Three fox kits have died from highly pathogenic avian influenza in three Metro Detroit counties, the Michigan Department of Natural Resources said Thursday.
The fox kits collected between April 1 and April 14 came from three dens in Lapeer, Macomb and St. Clair counties, and were the state’s first such confirmation of the HPAI virus in wild mammals, the department said in a statement.
“HPAI H5N1 viruses may occasionally transmit from birds to mammals, as occurred in these cases, and there may be additional detections in other mammals during this outbreak, but they likely will be isolated cases,” said Megan Moriarty, the state wildlife veterinarian with the DNR. “At this point, it is unclear how the fox kits became infected, but it’s possible that they were exposed by consuming infected birds, such as waterfowl.”
“The DNR had received a report from a wildlife rehabilitator in southeastern Michigan about the fox kits exhibiting neurologic signs of HPAI before death,” according to the release. “The kits were observed circling, tremoring and seizing. Two of the three died within hours of intake, while one appeared to respond to supportive therapy but then died in care.”
Highly pathogenic avian influenza is a virus known to affect birds throughout North America, with detections in backyard flocks and commercial poultry facilities in 34 states and detections in wild birds in 35 states, officials said.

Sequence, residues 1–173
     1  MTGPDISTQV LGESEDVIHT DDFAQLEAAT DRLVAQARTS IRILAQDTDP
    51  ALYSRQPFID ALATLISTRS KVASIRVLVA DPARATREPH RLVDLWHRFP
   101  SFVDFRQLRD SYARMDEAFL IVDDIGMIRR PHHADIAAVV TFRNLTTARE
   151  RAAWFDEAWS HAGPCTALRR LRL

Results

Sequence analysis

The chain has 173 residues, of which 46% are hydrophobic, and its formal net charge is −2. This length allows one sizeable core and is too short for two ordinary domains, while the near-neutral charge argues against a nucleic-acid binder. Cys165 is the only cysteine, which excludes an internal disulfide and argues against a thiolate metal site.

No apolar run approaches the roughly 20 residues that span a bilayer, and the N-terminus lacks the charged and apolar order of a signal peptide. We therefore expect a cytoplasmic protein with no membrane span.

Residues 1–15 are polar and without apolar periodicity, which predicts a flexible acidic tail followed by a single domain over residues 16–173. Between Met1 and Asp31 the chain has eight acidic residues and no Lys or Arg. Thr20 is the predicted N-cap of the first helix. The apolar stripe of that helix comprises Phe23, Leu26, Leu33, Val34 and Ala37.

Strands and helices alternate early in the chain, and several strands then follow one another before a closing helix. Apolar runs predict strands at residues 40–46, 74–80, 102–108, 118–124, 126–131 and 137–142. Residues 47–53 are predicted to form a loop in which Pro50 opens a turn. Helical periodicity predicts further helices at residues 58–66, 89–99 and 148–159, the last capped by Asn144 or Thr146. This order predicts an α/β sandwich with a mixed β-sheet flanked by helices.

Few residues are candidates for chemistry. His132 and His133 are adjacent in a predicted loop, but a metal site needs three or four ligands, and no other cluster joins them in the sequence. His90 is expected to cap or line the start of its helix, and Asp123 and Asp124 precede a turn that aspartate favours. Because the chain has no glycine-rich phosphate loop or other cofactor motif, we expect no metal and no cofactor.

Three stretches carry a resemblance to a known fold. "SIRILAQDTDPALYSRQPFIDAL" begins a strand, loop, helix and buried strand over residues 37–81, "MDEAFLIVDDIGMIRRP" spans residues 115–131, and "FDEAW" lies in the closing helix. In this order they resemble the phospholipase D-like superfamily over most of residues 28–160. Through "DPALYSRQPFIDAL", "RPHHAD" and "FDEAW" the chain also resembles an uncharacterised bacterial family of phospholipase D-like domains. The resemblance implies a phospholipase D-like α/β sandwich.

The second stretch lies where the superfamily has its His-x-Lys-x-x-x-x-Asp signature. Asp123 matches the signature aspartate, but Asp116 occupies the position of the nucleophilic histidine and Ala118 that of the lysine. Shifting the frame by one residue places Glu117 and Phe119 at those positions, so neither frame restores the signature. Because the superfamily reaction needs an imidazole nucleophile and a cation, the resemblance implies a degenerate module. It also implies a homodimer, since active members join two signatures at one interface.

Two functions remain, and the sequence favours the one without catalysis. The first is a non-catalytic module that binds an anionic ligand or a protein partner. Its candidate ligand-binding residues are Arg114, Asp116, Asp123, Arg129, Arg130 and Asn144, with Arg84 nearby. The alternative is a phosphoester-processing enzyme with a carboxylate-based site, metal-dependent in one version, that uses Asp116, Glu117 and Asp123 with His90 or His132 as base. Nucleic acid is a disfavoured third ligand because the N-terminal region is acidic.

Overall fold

The latest outbreak has led to the culling of about 37 million chickens and turkeys in U.S. farms since February, and the U.S. Department of Agriculture has confirmed more than 950 cases in wild birds.
It has spread through Michigan’s backyard chicken flocks and wild birds. Since the first case was identified in Kalamazoo County in late February, avian influenza cases have been identified in domesticated birds and backyard flocks in Macomb, Menominee, Livingston, Washtenaw, Saginaw, Wexford, Branch and Oakland counties.
The virus also has appeared in wild Canada geese and tundra swans from St. Clair County, snowy owls in Macomb County and a mute swan in Monroe County.
In Michigan, HPAI has been confirmed in 69 wild birds, the DNR said Thursday.
The situation has led Michigan agricultural officials to stop allowing poultry and waterfowl displays this year.
Avian influenza viruses usually do not infect people, but the U.S. Centers for Disease Control and Prevention said it is possible for humans to catch the virus from birds. Infected birds can shed the virus through their saliva, mucous and feces. Humans can get infected if the virus gets into their eyes, nose or mouth, or if it is inhaled.
Anyone who notices unusual or unexplained deaths among wild birds or sick, dead or neurologically abnormal foxes is asked to call the DNR Wildlife Disease Laboratory at (517) 336-5030 or a local DNR field office.